R. Meir Simcha assumes that Haman chose to exterminate the Jews in Adar because, by his reckoning, it augured ill for them. He arrived at this conclusion because Moses was born on the night of the sixth of Adar and died on the seventh. As is well known, it bodes well for Israel, if God allows righteous individuals to live out the full measure of their days. Since Moses, the greatest of prophets, did not do so it follows (perforce) that Adar is innately, a bad month for Jews.

Haman's mistake, of course, was that he did not know that Jewish time is innately different than general chrononomy. In Judaism, the new day starts the previous evening. Hence, Moses actually did live out his full 120 years. Consequently, Adar augurs extremely well for Jews (Ta'anit 9b), and Haman ש"ט, actually set himself up for his own downfall by choosing Adar for his planned Holocaust.

Underlying, Reb Meir Simcha's comment is a deeper truth, one which was already noted by Hazal, and developed by R. Judah Ha-Levi, Ramban and R. Nachman Krochmal. Jews live under a different aspect. Our history is governed by historical laws that are different than those of other peoples. That's not simply an assertion of faith. It's an objective fact.

Mark Twain famously wrote:

The Egyptian, the Babylonian, and the Persian rose, filled the planet with sound and splendor, then . . . passed away. The Greek and the Roman followed. The Jew saw them all, beat them all, and is now what he always was, exhibiting no decadence, no infirmities of age, no weakening of his parts. … All things are mortal but the Jew; all other forces pass, but he remains. What is the secret of his immortality?

That answer is not provided by the normal rules of historical causality, despite the best efforts of superb historians to discover it. It is a riddle. (Appropriately, my friend, Dr. Simcha Goldin subtitled his book about the medieval Jewish community 'the riddle of Jewish Survival in the MIddle Ages').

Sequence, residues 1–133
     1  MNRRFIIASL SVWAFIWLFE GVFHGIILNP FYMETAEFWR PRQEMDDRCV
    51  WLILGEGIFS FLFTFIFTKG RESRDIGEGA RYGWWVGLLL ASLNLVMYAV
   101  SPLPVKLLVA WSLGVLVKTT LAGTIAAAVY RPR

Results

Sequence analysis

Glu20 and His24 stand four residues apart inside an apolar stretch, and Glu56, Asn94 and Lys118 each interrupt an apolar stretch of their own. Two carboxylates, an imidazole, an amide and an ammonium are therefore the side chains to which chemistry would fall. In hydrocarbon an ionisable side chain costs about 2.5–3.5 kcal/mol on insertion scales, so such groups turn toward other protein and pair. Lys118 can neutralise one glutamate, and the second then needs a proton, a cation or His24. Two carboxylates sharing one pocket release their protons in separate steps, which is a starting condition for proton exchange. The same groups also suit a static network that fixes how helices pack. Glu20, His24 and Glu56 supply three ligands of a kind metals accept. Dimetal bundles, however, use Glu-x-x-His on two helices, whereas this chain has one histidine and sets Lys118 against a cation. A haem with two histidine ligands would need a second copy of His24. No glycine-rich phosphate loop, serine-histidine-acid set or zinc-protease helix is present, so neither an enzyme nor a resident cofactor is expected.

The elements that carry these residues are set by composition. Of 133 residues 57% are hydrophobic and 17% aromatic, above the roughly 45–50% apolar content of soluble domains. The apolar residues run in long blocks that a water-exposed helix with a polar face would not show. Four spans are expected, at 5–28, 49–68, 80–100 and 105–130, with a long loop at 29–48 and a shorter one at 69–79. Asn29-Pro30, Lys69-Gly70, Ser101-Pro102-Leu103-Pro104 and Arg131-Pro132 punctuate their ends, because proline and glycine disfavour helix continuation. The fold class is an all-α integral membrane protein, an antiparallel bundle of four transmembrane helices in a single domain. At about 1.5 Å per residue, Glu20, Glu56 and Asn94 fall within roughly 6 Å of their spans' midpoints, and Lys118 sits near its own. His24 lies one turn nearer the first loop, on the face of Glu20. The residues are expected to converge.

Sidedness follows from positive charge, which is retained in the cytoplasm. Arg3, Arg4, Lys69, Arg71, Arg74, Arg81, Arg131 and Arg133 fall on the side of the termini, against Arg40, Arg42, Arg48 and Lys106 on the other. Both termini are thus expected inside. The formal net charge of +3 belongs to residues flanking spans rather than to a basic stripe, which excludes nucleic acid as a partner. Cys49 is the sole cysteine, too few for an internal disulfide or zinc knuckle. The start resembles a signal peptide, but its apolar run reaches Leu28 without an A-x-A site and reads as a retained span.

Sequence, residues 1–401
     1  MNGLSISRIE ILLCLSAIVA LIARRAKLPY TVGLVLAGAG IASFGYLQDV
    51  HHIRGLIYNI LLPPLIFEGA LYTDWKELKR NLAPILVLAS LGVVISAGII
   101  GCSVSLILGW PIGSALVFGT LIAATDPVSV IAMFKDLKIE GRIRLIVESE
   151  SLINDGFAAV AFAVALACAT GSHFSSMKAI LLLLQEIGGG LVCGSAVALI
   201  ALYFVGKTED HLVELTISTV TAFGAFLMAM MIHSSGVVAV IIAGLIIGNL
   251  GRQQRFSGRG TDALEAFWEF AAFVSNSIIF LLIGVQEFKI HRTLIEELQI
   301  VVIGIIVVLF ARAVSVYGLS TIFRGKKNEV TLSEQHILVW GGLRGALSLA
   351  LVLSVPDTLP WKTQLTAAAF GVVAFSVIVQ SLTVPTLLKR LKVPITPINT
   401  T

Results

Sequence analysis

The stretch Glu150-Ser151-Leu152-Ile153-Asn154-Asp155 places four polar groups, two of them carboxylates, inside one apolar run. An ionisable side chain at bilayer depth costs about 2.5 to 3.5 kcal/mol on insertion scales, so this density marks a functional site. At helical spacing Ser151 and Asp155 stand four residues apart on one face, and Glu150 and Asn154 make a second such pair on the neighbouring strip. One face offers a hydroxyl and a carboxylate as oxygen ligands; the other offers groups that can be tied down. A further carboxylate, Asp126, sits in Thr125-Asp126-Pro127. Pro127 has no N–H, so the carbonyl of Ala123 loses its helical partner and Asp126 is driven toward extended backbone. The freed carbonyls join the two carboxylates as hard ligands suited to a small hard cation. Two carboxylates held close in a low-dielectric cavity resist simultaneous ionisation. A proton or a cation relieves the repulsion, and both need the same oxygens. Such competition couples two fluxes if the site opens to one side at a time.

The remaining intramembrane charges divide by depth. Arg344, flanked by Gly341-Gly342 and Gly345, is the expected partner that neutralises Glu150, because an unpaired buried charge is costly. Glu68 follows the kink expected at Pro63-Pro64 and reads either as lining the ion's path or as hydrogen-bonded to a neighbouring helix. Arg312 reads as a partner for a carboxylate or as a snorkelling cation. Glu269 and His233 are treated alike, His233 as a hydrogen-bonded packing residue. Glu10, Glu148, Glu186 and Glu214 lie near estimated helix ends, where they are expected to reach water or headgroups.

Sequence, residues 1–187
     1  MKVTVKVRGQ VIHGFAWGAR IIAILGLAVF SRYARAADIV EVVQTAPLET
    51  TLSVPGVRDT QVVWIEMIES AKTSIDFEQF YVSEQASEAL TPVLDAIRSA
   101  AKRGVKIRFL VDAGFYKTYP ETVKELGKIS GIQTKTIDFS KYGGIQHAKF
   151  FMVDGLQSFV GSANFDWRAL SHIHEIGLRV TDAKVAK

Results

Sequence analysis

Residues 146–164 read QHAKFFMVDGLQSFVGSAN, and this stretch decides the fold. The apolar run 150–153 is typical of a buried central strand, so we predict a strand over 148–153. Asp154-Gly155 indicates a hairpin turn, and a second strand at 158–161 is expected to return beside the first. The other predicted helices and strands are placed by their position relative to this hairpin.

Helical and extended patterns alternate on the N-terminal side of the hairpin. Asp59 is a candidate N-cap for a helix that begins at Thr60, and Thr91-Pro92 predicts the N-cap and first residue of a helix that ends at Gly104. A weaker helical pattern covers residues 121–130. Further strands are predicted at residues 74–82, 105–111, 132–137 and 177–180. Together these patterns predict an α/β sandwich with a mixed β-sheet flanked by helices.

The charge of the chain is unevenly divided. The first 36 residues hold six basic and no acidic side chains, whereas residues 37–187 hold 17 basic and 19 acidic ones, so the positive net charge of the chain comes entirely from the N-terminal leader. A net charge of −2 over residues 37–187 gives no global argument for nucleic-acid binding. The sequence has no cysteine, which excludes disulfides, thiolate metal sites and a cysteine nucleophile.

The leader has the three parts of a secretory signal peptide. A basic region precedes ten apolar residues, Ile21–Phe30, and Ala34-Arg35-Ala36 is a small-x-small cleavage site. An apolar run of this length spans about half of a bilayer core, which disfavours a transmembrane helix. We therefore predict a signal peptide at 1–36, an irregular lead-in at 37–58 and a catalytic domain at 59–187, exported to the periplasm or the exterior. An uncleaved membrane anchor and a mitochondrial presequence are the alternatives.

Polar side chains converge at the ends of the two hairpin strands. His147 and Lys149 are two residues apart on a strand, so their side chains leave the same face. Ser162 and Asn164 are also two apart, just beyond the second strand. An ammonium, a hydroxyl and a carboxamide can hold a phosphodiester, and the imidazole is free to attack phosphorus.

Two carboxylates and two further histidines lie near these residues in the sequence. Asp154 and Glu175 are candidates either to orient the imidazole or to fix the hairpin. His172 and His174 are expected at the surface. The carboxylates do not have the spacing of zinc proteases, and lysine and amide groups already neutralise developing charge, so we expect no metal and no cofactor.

The only answer I can suggest is developed by Ramban, and provides the basis for R. Meir Simcha's comment. When Abraham was chosen by God, he effectively left the realm of normal causality and entered into a different dimension of history and time (Historia Sacra, as Krochmal termed it). It was that deeper reality that was embodied by Moses' birth and death; a reality that Haman missed and that makes Adar-Nissan emblematic of Jewish survival.

As Ramban (Ex. 6, 2) points out, whether Jews stay in that sublime state depends upon their behavior; whether they live up to the dictates of the covenant that Moses negotiated on our behalf.

Now, there's the rub.

Thursday, February 18, 2010

Obiter Dicta on Parshat Elon

On Forum Takanah:

נזכרתי בדברים שאמר מו"ר הגרי"ד הלוי זצ"ל, כשלמדנו מסכת תענית בחבורה קטנה בבוסטון (דברים שחזר עליהם לא פעם בשיעורים הציבוריים שלו במוצ"ש).
הגמרא (דף י' ע"ב) אומרת: 'אי זהו יחיד ואיזהו תלמיד? יחיד - כל שראוי למנותו פרנס על הצבור, תלמיד - כל ששואלין אותו דבר הלכה בתלמודו ואומר, ואפילו במסכת דכלה.' מתוך הנחה שהברייתא הוי מעין 'לא זו אף זו' (כמשמעות המקבילה בשבת, כפי שציינו בעה"ת כאן ד"ה איזהו) הרב הדגיש שכדי לשמש רב בישראל, לא מספיקה לו בקיאות בכל חדרי התורה (היינו הפירוש המרחיב ל'אפילו במסכת כלה' כפי שציין כבר הריטב"א, ד"ה ת"ר). דרושה לו מידה נוספת: גבורה. גבורה הופכת את הלמדן לרב, את התלמיד ליחיד.

כל מנהיג ראוי, כל מי שמתיימר לפסוק הלכה, חייב להיות מוכן לספוג ביקורת ואף שנאה מצד המתנגדים לו. כהוכחה, הזכיר הרב את סיפור הגיורת (כאן, בערך בדקה 40 ) שנאלצה להיפרד מארוסה לאחר שגילה שהוא כהן

On the Idolization of Rabbis:

When the Gerrer Rebbe, R. Avraham Mordekhai Alter, (the Imrei Emes), זצ"ל escaped from Nazi occupied Poland in 1940, he disguised. When he arrived in Bene Beraq, he met the former gabbai of his court. The gabbai had escaped alone from Poland, after losing his entire family.

Upon seeing the Rebbe, he castigated him for not only not urging his followers to escape Eastern Europe when it was still possible, but for reassuring them that all would be well.

The Rebbe just stood there, and started to cry. His reply was: זיי מיינען אז מיר זיינען געטער, אבער מיר זיינען נאר מענטשען (The think we're gods, but we're only human beings). [The story was told to my by a cousin of the gabbai.]

Wednesday, February 17, 2010


The scandal surrounding Rabbi Moti Elon has shocked the Religious Zionist community, and shaken it to its core. (See here, here, here, and here.)

For those who are unfamiliar with him, for decades Elon was touted as the great white hope of the Religious Zionist community. His public lectures were attended by hundreds of people from all sectors of Israeli society, and listened to by thousands more on the radio and TV. His followers are legion, and he has been dubbed the 'rebbe' of the National Religious world.